The current state of innovation in bioscience As seen by Dr. Thomas J. Fogarty

By Linda Barney, Barney and Associates

Dr. Thomas J. Fogarty is an internationally renowned cardiovascular surgeon and innovator who is widely regarded as one of the pre-eminent inventors of medical technologies of his generation. He has dedicated his entire career to improving patient care and is now working to train other medical and bioscience personnel on the art of bioscience innovation. As a keynote speaker at the Oregon Bioscience Association 2014 conference, Dr. Fogarty presents his views of the current state of bioscience innovation and what is needed to improve the climate for bringing medical and bioscience products to market in the United States.

Dennis McNannay, Executive Director of the Oregon Bioscience Association states, “No one better represents innovation in the medical device sector than Dr. Fogarty. We consciously researched the best examples of incubation and believe that as Oregon tries to build its entrepreneurial ecosystem there is no better example to follow than the Fogarty Institute.”

Importance of innovation for medical and bioscience advancement

Fogarty believes that innovation is the lifeblood of medical advancement and the key to raising the bar for patient care. Yet the traditional process for medical innovation in the U.S. is fraught with obstacles that hinder development of new ideas—including skyrocketing costs, complicated regulations and bureaucracy, inertia in the academic environment, lack of mentorship, difficulty obtaining financing and pressure to go offshore. Dr. Fogarty believes that “there has to be a better way.”

Dr. Fogarty’s career highlights:

• Inventor of the balloon catheter used in more than 300,000 procedures worldwide per year, estimated to have saved the lives/limbs of 20M patients
• Named inventor on 135 surgical instrument patents
• Awarded 2000 Lemelsen-MIT Prize for Invention & Innovation
• Member of the National Inventors Hall-of-Fame
• Founder of more than 30 medical device companies
• Co-founder of Three Arch Partners venture capital firm
• Managing Partner of Emergent Medical Partner

The Fogarty Institute for Innovation

In 2007, he founded the nonprofit Fogarty Institute for Innovation on the campus of El Camino Hospital in Mountain View, California as a way to address the problems Fogarty sees in innovation and bringing medical and bioscience products to market. The mission of the Fogarty Institute for Innovation is “to promote medical innovation by providing support to promising innovators and researchers as they transform their creative ideas into practical solutions to improve patient care.” The Institute offers three distinct programs, (Innovation/Cultivation, Clinical Research/Validation, and Outreach/Education) each representing a different aspect of medical technology innovation.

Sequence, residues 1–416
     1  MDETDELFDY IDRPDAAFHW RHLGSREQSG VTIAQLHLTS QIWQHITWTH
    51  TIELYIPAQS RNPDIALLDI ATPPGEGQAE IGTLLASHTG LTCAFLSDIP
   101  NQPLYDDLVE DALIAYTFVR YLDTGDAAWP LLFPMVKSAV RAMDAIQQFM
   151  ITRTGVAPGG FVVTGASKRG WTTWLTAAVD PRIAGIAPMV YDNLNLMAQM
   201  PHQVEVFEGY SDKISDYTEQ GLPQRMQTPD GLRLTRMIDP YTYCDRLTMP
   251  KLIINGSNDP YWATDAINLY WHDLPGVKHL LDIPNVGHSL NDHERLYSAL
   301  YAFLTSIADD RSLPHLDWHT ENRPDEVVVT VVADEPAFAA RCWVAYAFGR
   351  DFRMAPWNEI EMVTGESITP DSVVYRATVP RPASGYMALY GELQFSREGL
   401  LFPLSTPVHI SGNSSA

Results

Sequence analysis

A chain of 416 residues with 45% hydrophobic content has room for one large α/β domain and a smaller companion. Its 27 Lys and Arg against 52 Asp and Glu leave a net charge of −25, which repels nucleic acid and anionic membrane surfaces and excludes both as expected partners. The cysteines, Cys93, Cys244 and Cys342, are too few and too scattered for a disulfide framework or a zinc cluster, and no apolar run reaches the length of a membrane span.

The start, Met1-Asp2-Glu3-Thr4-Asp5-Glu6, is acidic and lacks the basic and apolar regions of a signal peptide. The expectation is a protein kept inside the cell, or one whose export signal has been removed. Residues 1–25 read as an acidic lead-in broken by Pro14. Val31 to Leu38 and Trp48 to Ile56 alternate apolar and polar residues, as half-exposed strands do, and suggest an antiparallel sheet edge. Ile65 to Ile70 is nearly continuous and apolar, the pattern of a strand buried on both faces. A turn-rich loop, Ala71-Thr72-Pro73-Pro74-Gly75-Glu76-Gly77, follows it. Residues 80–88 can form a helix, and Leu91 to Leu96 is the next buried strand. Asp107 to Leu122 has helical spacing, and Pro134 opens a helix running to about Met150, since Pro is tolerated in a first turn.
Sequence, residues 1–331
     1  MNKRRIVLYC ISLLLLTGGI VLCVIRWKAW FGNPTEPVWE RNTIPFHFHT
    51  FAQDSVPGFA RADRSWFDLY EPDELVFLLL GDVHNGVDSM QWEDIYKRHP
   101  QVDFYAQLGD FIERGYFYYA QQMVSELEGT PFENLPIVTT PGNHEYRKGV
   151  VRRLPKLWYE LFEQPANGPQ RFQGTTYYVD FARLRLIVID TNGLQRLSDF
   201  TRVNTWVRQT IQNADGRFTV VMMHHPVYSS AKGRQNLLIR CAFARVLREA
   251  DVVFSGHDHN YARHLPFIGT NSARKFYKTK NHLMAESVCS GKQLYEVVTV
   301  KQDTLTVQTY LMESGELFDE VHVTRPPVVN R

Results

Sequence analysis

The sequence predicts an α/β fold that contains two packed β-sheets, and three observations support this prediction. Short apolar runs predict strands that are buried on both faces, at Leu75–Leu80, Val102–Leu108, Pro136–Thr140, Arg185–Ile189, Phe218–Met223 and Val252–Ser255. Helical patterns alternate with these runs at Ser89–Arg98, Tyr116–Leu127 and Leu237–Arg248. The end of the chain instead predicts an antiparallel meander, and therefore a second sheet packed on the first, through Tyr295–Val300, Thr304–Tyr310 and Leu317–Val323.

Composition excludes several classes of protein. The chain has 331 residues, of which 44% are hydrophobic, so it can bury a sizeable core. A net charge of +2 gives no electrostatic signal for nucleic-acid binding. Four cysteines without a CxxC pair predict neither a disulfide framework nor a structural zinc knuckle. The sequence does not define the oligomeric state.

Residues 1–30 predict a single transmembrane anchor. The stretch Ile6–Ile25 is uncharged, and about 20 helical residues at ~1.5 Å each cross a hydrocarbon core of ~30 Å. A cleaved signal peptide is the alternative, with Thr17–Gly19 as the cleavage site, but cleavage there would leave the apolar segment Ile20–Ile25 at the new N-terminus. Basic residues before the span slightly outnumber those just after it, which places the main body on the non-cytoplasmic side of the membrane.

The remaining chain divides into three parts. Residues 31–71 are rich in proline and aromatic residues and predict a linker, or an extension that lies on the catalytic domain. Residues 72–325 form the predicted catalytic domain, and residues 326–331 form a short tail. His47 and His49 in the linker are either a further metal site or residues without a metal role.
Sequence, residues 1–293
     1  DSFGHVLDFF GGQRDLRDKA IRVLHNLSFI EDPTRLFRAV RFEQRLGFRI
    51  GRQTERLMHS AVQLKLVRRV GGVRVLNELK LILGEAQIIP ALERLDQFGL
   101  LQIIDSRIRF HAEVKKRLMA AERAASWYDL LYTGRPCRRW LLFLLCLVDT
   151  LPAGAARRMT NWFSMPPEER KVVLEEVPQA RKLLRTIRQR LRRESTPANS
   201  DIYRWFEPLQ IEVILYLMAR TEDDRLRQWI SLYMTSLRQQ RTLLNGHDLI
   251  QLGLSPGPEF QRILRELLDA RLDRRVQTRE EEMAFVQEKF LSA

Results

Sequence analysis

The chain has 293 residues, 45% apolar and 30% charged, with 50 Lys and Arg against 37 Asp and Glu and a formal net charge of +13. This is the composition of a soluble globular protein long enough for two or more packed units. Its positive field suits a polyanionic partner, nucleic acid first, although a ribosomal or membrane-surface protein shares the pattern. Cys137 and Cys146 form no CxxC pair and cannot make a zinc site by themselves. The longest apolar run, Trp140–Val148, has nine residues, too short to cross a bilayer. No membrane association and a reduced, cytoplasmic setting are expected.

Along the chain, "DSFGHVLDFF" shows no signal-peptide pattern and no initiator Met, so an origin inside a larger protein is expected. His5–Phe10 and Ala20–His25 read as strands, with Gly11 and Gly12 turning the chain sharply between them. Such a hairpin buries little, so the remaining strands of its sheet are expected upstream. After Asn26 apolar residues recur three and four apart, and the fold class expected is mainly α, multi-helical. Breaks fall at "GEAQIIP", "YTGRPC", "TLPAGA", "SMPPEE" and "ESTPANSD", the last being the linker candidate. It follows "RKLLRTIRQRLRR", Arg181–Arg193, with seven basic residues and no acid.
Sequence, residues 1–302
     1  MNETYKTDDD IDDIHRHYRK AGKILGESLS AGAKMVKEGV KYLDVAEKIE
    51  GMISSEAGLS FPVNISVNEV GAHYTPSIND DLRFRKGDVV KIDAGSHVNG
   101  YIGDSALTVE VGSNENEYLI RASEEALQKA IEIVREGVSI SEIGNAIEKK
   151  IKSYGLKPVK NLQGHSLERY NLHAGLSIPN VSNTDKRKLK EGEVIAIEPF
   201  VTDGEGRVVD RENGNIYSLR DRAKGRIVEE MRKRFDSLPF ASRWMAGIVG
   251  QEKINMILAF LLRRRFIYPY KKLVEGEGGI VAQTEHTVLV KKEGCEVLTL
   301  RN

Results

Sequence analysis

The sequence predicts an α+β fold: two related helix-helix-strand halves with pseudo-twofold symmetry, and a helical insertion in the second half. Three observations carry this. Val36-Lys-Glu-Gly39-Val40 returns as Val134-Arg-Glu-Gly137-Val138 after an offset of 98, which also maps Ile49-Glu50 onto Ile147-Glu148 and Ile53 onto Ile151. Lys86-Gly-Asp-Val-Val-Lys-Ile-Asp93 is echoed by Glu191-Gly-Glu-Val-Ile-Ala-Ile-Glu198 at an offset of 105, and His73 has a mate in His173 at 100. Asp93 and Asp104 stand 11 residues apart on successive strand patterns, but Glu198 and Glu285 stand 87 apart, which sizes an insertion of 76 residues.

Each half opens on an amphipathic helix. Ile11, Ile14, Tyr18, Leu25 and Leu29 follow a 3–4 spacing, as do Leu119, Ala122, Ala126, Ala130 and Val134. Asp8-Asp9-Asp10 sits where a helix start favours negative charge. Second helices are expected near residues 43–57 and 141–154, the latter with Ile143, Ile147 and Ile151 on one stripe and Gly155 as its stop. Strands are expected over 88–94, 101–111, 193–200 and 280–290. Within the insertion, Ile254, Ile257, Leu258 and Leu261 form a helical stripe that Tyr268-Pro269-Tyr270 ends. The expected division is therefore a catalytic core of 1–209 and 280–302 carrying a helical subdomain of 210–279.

Since 2007, the Fogarty Institute has received more than 150 requests for assistance from innovators and entrepreneurs and has provided support to more than 10 innovative entrepreneurs. Innovators at the Fogarty Institute involve companies involved in a wide range of endeavors (click here to see a list) from medical and monitoring devices, to companies working to prevent wound infections, providing care and diagnosis of cardiac disease, restoring valve function in deep leg veins, reducing childbirth-related injuries, improving newborn monitoring, providing web-based anatomy / physiology education and providing electrical muscle stimulation.

“The main goal of the Fogarty Institute for Innovation is to take science and convert it into technology that is useful for the patient and to do this in an environment where this is encouraged, supported and nurtured. We help commercialize products so they can be used by patients. Everyone on our team is focused on the concept of making the patient better, reducing the cost of medicine and developing a technology that is specifically addressed to do that.”
Thomas J. Fogarty, M.D., founder of the Fogarty Institute for Innovation


Changes in medical-related product funding in the U.S.

Fogarty indicates that there have been significant changes in how bioscience and medical products are funded in the United States. These changes are not beneficial to early stage startup companies. The regulatory path and reimbursement issues we are dealing with in the U.S. make it very difficult for the venture community.

It is so expensive to innovate in United States that the venture capital firms can’t make money and many have gone out of business. This makes it hard for medical tech firms to get funding and many potential good ideas never see the light of day.”